My LSAT Prep Plan

Hello, World.

As I’ve mentioned on here many times, I’m applying to law school in the fall! While this is scary, and somewhat daunting, I am so so excited for this process, and figuring out where I will be for three years following the completion of my undergraduate education. I”m super studious, so I’m thrilled I get to further my education, especially in a field I feel passionate and excited about. Anyway, part of the application process is completing the LSAT (Law School Admissions Test). This test is the holy grail of tests when it comes to having a strong chance of getting into a good school. While most schools do consider your entire app, the LSAT and GPA numbers need to be strong when considered against other applicants in the pool, for if they are not, your chances of admission are slightly more limited. Now that I’ve bored most of you with that information, I wanted to share how I’m studying for the test.
my lsat prep plan
First, let me say that I planned originally to do an in-person study course. This, however, did not work with my schedule, as they either went past when I got out of school (and also too far in advance to truly be useful), or were nowhere near my hometown (where I am spending summer). So, I decided to read basically every LSAT forum out there, and figure out what worked for people who took the LSAT and got strong scores. What did I conclude? The best way to study on your own is to buy the three PowerScore Bibles (Logical Reasoning, Logic Games, Reading Comprehension), the Kaplan basic guide to the LSAT, and take every real LSAT you can get your hands on.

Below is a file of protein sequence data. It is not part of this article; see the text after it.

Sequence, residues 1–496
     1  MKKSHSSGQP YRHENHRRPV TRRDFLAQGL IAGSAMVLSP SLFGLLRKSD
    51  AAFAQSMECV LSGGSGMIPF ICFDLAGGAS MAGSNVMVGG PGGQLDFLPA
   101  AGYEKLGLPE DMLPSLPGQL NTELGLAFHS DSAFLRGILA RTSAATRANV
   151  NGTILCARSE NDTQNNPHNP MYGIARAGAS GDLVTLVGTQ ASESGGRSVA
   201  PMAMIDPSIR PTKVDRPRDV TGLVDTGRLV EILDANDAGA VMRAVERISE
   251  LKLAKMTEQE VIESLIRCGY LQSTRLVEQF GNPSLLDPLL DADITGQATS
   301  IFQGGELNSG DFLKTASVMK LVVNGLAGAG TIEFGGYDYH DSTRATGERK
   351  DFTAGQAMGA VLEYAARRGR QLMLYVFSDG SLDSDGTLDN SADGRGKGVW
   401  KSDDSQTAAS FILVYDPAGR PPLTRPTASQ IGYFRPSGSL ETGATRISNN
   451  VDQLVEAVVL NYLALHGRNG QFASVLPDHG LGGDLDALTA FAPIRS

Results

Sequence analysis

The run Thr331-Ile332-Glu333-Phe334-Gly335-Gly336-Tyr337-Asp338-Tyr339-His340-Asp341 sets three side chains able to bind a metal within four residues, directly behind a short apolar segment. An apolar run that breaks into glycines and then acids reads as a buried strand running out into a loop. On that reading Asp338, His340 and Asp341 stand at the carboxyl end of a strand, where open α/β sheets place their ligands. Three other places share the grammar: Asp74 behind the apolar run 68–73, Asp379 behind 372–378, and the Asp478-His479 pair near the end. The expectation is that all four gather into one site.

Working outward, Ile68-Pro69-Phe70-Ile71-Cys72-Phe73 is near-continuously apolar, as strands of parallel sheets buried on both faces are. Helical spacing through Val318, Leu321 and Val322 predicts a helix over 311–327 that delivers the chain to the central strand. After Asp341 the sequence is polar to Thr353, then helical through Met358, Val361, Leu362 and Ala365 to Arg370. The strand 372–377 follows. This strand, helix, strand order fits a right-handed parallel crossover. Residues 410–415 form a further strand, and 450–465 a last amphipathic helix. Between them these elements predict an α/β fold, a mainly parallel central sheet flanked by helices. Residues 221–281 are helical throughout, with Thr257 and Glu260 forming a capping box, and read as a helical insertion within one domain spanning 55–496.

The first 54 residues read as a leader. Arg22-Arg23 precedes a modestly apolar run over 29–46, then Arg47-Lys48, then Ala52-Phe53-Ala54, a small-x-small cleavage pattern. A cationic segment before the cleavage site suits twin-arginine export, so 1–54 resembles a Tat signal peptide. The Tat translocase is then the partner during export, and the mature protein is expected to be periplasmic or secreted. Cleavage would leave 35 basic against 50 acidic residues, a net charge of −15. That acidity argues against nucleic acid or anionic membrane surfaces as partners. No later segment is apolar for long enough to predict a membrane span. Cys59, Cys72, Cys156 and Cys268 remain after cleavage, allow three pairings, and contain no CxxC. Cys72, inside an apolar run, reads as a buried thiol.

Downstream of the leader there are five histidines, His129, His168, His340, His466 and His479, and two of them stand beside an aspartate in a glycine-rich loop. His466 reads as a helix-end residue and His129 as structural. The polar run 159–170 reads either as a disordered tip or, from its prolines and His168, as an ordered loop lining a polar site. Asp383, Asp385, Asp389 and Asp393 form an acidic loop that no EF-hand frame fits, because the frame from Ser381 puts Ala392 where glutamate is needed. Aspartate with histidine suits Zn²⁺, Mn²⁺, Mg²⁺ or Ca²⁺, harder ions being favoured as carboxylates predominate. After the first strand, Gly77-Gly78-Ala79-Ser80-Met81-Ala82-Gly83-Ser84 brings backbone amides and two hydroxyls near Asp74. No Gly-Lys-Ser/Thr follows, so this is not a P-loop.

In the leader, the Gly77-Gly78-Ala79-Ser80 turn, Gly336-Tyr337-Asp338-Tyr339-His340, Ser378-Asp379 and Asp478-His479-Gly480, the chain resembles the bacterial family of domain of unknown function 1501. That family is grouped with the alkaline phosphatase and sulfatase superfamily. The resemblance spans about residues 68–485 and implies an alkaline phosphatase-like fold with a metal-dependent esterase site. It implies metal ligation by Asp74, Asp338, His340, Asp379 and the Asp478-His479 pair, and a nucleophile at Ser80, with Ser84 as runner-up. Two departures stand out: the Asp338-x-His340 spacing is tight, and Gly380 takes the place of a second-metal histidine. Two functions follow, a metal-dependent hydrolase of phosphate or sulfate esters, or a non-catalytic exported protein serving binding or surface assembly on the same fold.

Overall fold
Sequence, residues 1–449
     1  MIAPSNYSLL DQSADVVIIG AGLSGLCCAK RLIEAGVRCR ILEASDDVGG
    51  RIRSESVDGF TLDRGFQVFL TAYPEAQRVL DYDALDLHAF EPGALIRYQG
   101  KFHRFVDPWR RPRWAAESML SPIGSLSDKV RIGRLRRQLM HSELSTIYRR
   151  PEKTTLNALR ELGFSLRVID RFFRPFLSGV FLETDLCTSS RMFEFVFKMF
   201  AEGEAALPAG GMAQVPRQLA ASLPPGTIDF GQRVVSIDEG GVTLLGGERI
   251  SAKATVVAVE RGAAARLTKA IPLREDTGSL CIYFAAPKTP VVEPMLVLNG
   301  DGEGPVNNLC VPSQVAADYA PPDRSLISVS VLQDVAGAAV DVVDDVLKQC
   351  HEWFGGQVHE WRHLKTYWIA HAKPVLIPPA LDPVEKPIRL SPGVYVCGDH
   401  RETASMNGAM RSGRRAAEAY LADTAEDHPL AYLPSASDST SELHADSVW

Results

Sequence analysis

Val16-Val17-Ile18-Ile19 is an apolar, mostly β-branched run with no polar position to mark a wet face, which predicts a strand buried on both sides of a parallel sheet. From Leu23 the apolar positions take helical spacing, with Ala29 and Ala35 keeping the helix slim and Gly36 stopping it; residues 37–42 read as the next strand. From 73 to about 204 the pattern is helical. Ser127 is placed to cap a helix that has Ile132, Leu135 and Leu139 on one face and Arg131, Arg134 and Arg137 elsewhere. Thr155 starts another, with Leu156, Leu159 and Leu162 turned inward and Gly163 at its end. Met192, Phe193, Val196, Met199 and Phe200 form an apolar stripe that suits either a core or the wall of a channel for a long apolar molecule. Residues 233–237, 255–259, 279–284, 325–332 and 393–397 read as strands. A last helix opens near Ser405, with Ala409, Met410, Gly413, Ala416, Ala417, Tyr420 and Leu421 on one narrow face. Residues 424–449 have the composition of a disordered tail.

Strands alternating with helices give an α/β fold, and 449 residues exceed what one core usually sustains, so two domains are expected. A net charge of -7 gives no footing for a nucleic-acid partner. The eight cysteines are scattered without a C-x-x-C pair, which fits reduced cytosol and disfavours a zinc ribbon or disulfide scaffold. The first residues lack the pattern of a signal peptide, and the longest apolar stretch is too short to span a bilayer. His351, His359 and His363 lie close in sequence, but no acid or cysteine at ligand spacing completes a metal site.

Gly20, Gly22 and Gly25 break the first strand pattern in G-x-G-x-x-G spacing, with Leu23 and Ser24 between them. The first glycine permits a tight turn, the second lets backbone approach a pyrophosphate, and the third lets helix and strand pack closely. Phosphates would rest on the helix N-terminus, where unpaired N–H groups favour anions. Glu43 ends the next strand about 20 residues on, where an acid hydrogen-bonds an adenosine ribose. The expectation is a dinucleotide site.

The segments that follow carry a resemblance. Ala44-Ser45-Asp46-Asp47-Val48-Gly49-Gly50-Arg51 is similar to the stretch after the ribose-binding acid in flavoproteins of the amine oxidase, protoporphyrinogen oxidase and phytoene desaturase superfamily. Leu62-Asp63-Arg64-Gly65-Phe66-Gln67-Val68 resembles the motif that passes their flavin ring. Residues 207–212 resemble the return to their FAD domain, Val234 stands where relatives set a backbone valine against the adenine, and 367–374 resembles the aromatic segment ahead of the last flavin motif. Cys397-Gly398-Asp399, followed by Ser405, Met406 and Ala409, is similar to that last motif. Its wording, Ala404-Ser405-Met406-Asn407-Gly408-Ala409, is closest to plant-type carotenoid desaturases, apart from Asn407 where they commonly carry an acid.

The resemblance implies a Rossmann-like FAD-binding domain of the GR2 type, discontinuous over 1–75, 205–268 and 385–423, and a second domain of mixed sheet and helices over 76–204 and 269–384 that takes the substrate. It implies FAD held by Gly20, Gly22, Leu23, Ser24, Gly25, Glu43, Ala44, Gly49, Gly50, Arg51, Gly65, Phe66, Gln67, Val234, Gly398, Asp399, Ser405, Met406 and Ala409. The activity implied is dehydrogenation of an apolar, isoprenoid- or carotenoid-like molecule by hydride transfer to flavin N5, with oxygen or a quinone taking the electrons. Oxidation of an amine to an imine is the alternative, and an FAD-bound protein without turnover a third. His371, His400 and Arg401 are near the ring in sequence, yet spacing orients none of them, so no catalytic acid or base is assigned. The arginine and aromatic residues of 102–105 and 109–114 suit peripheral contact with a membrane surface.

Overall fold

In addition to the recommended study aids by everyone I found online who scored between 172-180, I will be using the PDF, printable study guide from PowerScore. The awesome thing about their website is that once you create an account, you can print a study packet, which is broken down by how long until the test you have. I am doing the two-month study program so I can finish before returning to school to be an RA. This way for the month leading to my actual test day (October 3rd! Mean Girls reference, anyone?). I am so eager to get my score exactly where I need it to [hopefully] gain admission to my top choices, that I am dedicating most of my summer to studying. While this may seem hard to believe, studying at least three months in advance for all graduate-level schools is super important (LSAT, GRE, GMAT, and MCAT).
lsat books
To start my prep, the guide suggested taking a cold LSAT (without preparation) in order to gauge where I need major improvement, where I’m already doing well, and familiarize myself with the sections of the exam. Taking a test cold can be difficult because if your score is really low, it can be really discouraging. Luckily, I’m pretty average when taking the test for the first time without any prep. This means I’m not dismally low, but I also have enough room to really improve with the appropriate prep.

Long story short, for my LSAT prep, I plan to follow the PowerScore guidelines for a two-month study schedule, and keep taking practice tests up until right around test day. I desperately want to do well on this test, but I have a bit of testing anxiety. As long as I study and really familiarize myself with the structure and basic vibe of the test, I’m usually okay. So here’s to a summer of LSAT prep!

Are you planning on attending a graduate, law, or medical program post-undergrad? If so, how do you plan to prepare?

Callie leigh

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